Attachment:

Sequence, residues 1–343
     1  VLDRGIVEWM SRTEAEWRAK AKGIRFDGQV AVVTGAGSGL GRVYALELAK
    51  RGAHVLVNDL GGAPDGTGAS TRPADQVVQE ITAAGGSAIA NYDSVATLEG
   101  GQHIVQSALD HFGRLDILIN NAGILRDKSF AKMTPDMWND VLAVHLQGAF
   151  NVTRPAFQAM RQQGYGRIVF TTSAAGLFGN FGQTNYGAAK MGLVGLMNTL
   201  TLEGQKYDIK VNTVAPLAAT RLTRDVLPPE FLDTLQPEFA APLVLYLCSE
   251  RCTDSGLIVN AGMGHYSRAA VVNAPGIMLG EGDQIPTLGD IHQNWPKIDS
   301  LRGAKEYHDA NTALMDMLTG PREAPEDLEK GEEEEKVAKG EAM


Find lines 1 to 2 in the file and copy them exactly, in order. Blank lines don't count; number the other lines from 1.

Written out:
Sequence, residues 1–343
     1  VLDRGIVEWM SRTEAEWRAK AKGIRFDGQV AVVTGAGSGL GRVYALELAK